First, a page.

Cisco CFO Doesn't 'Anticipate Any Massive Revenue Impact' From Faulty Clock Components, Company Sets Aside $125M For Product Replacements

Printer-friendly version Email this CRN article

Cisco CFO Kelly Kramer said the networking giant doesn't anticipate any material revenue impact from a faulty clock component issue inside several of Cisco's popular product lines that causes the system to eventually fail.

"We've have had an issue from a supplier come out and we did book a reserve for $125 million to cover that," said Kramer, during Cisco's second fiscal quarter earnings call on Wednesday night. "We always and continue to stand by our customers through any situation like this … This is a failure rate that will happen overtime, but we're working with our customers to work through that. We're not anticipating any impact from that from a top line perspective."

When later asked to clarify if Cisco expects any type of negative revenue impact from the issue during its current third fiscal quarter, Kramer said, "Not as of right now."

"We're working very proactively with our customers, in terms of how quickly and where they want to do their replacement. So we're working very closely [with them] but as of right now, we have not seen and don't anticipate any massive revenue impact from this," she said.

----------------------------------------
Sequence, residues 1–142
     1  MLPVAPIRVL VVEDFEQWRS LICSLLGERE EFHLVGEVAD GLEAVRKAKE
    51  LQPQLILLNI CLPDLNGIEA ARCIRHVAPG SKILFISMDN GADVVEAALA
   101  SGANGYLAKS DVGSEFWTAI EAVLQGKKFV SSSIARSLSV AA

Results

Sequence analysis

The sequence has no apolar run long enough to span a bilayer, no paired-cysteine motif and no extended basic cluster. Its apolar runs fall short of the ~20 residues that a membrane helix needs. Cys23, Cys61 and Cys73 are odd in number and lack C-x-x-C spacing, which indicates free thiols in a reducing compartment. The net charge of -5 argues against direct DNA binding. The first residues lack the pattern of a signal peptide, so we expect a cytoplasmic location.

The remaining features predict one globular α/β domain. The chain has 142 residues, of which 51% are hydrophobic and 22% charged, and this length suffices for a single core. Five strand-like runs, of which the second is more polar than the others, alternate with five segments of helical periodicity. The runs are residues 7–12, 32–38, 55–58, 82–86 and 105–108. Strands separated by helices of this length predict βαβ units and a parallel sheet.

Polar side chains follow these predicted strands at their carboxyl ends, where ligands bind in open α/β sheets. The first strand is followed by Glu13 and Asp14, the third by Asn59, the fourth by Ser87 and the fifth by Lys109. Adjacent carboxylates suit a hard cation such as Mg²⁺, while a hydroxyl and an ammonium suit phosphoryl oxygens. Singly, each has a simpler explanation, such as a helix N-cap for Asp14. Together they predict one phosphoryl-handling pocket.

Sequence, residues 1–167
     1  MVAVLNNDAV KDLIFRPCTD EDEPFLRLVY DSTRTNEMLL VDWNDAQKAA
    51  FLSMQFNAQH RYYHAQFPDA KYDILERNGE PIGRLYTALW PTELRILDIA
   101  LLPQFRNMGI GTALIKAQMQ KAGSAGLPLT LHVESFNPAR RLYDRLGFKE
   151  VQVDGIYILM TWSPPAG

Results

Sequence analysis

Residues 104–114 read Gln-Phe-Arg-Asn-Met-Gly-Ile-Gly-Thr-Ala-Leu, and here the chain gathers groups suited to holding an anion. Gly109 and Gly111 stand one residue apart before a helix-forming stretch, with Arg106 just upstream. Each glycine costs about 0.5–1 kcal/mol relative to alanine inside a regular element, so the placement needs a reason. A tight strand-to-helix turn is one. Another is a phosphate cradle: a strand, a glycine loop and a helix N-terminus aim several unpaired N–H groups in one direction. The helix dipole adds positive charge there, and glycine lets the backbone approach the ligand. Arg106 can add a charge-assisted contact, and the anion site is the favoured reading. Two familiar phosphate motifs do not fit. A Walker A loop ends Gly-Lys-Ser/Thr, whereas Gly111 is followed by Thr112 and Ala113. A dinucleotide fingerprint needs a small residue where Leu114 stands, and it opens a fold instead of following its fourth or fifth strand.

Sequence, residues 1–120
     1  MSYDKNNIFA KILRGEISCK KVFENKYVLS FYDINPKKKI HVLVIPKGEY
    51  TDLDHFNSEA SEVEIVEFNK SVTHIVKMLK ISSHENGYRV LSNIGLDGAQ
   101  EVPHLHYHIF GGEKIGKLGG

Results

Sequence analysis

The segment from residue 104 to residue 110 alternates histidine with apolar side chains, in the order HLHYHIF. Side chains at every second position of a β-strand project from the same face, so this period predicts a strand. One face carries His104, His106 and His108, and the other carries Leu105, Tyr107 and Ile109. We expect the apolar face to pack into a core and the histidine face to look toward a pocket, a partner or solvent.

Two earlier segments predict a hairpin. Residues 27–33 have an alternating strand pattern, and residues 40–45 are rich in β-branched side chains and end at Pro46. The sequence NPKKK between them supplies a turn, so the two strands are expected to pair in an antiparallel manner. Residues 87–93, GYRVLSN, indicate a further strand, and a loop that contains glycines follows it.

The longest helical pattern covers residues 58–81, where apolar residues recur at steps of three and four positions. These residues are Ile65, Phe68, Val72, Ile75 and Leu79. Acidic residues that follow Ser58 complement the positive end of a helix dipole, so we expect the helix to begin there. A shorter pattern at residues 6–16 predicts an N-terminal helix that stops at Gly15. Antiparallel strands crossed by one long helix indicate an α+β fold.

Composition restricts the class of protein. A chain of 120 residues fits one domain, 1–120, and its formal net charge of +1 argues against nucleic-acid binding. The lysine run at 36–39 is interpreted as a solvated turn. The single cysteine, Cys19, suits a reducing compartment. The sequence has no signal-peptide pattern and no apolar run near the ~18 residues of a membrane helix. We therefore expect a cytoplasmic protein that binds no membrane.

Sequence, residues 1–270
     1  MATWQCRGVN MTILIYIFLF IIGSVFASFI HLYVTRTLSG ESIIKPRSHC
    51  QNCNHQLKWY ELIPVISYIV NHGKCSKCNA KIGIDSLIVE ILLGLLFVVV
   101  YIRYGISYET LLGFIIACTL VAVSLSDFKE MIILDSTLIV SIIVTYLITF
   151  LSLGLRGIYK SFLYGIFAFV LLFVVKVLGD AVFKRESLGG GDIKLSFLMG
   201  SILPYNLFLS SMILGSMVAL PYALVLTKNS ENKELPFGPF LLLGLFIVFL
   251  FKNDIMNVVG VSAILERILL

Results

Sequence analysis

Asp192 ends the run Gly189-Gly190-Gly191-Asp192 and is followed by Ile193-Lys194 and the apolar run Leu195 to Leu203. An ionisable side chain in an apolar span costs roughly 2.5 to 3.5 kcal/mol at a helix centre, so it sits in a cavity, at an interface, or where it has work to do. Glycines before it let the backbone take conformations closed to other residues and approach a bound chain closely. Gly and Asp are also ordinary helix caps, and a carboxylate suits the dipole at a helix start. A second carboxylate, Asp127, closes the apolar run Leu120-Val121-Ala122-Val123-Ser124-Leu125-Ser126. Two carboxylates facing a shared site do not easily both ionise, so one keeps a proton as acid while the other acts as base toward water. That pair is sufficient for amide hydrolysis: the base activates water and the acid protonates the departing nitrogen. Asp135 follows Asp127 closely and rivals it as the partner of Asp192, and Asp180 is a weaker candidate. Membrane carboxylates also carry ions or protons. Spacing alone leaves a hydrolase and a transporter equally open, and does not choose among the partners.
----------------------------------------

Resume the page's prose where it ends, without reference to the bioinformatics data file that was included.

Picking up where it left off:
[Related: Partners Expect Potential Customer Downtime, Months-Long Resource Drain From Cisco Product Replacement Effort]

The faulty clock signal component issue, which Cisco disclosed on Feb. 2, causes some of Cisco's most popular product lines – namely Nexus switches, ASA firewalls, ISR routers and Meraki cloud managed switches – to fail after 18 months in production. Cisco said it expects a noticeable increase in product failures after three years of runtime.

Cisco CEO Chuck Robbins did not comment on the matter during the company's earnings call.

Net income from Cisco's second quarter included a pre-tax charge to product cost of sales of $125 million related to the expected remediation costs for anticipated failures from the clock-signal component issue from a third party vendor, according to Cisco.

Other vendors such as Juniper Networks and Hewlett Packard Enterprise recently announced that some of their products are affected as well with the faulty clock signal component. HPE, Juniper and Cisco have all declined to identify the manufacturer. The issue some have speculated could be a result of a faulty Intel C2000 Atom processor. Intel in January notified OEMs of Atom processor C2000 issues in a 37 page specification update.

For its second fiscal quarter, which ended Jan. 28, Cisco reported revenue of $11.6 billion, down 2 percent from $11.8 billion a year ago.

Printer-friendly version Email this CRN article